IDENTITY IS EVOLVING, shifting, and complex. Each of us has multiple layers to our identity and each of these layers can be a site of oppression or privilege. Traditional storytelling, especially when telling stories of communities and people of color, doesn’t allow for this nuance. It makes assumptions about an audience’s ability to handle complexity, it often peddles trauma, and it highlights patterns when there are none. I don’t believe that identity can be put into a singular box and the approach that I’ve taken is aligned with that. There is no holistic narrative around the South Asian American experience, and so, my approach to storytelling was to simply record lived experiences, even if what I discovered surprised or confused me. The design follows a similar path. Instead of choosing a templatized method of design, a unique visual world has been created for each interviewee.
I’m not the only storyteller here. Each person who agreed to participate in South Asian Memory Work is the storyteller of their own story. While I did do the interviewing, transcribing, and art direction, each story was finalised and approved by the storyteller, so as to ensure that the stories you’re now seeing are as each storyteller intended.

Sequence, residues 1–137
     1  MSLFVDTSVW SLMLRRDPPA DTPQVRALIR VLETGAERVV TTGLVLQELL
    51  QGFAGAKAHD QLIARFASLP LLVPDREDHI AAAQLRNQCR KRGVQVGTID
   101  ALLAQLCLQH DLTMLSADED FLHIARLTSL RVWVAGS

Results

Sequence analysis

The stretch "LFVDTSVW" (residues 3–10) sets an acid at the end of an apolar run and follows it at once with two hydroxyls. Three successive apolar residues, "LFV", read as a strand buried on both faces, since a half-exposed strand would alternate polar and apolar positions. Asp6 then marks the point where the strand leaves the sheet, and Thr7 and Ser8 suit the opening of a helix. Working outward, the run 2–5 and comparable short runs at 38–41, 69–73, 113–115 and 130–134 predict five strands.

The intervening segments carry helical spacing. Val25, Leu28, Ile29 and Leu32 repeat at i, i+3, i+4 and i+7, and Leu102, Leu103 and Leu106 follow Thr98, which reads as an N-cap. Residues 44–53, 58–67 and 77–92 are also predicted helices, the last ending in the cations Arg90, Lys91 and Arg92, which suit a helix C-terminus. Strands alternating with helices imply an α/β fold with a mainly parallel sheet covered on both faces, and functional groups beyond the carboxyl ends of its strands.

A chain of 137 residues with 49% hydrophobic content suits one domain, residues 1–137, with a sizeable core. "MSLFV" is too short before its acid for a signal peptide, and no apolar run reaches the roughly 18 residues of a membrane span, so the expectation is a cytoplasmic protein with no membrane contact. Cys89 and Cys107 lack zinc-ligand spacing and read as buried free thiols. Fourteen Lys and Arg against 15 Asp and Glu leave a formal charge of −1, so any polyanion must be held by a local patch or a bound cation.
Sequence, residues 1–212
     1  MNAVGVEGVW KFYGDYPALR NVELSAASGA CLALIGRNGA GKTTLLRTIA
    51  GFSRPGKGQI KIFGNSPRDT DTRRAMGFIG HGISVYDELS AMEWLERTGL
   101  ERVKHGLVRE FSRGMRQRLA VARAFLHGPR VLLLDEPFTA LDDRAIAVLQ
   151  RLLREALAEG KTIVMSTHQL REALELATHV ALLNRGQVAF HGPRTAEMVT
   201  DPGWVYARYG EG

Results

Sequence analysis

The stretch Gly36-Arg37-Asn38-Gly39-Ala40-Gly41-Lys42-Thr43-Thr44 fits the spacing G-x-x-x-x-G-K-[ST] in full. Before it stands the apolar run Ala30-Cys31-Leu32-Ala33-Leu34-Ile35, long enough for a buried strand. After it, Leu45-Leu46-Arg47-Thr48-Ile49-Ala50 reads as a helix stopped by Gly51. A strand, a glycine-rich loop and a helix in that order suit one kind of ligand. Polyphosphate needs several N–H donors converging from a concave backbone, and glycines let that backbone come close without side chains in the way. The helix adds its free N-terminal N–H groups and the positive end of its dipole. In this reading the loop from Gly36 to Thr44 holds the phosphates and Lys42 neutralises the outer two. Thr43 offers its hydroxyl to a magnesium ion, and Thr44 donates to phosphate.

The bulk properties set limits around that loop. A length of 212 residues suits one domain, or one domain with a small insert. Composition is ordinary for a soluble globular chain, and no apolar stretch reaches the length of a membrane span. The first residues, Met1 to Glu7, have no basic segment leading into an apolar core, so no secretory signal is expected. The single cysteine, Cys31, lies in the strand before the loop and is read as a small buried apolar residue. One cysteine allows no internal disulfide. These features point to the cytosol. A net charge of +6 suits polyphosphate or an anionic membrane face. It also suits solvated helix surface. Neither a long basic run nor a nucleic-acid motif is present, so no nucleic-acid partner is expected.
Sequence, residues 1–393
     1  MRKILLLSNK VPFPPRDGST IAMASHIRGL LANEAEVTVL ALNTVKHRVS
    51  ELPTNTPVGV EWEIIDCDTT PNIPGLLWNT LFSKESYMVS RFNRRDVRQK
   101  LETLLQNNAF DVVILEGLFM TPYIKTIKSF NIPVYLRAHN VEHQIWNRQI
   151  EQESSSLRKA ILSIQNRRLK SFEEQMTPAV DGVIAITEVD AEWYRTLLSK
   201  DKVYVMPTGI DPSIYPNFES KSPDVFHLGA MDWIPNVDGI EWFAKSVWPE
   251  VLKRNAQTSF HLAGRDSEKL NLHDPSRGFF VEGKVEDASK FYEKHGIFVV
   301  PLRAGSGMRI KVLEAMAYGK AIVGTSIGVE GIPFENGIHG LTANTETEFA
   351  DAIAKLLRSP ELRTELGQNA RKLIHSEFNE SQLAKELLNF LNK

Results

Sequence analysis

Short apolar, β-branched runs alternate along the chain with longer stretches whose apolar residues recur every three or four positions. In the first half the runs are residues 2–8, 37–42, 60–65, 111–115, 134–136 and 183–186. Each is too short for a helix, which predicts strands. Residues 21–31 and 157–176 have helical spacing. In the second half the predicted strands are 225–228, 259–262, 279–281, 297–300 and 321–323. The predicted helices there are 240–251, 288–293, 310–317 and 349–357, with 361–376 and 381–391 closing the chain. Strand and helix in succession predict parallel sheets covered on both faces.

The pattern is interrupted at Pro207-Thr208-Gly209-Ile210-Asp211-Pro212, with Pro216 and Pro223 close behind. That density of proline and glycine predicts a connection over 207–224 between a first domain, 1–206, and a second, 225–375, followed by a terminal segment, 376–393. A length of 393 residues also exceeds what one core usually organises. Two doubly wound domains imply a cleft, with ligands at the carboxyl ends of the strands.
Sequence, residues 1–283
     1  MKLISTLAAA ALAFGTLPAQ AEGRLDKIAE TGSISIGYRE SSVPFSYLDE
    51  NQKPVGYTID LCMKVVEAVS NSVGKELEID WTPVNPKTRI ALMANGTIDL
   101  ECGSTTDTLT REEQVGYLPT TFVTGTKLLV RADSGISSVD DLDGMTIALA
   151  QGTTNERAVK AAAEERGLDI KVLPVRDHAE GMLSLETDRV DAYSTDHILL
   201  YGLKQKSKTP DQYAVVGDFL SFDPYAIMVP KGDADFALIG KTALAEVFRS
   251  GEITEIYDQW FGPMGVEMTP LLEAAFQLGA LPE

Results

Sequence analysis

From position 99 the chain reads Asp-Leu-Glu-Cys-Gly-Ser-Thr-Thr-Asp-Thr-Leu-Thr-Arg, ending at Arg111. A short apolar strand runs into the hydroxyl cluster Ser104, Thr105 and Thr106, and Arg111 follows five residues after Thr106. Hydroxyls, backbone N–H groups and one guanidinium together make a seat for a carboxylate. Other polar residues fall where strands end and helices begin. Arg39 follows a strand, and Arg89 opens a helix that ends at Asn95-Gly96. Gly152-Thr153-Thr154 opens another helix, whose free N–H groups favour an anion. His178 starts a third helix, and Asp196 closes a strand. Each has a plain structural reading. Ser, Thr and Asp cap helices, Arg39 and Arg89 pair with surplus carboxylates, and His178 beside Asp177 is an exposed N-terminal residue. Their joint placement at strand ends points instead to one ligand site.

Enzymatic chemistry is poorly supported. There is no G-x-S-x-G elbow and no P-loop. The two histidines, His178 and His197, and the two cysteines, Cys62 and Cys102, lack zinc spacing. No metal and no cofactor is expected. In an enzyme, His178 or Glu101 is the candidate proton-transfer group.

I learned to question my own lens, especially when it comes to my sites of privilege. Being a cis woman, queer, caste-privileged, and Indian, I have questioned whether it’s my place to facilitate certain stories, and moving forward, I want to share the controls with creators who more closely share the identities of the interviewees.
I also learned the importance of recording joy. As storytellers, you’re taught to highlight struggle and strife to evoke emotion. When I say that this project is an act of resisting erasure, it’s not just an act of resisting the erasure of struggle. It’s also resisting the erasure of joy, the erasure of liberation, the erasure of solidarity and love, and the erasure of the fullness of being.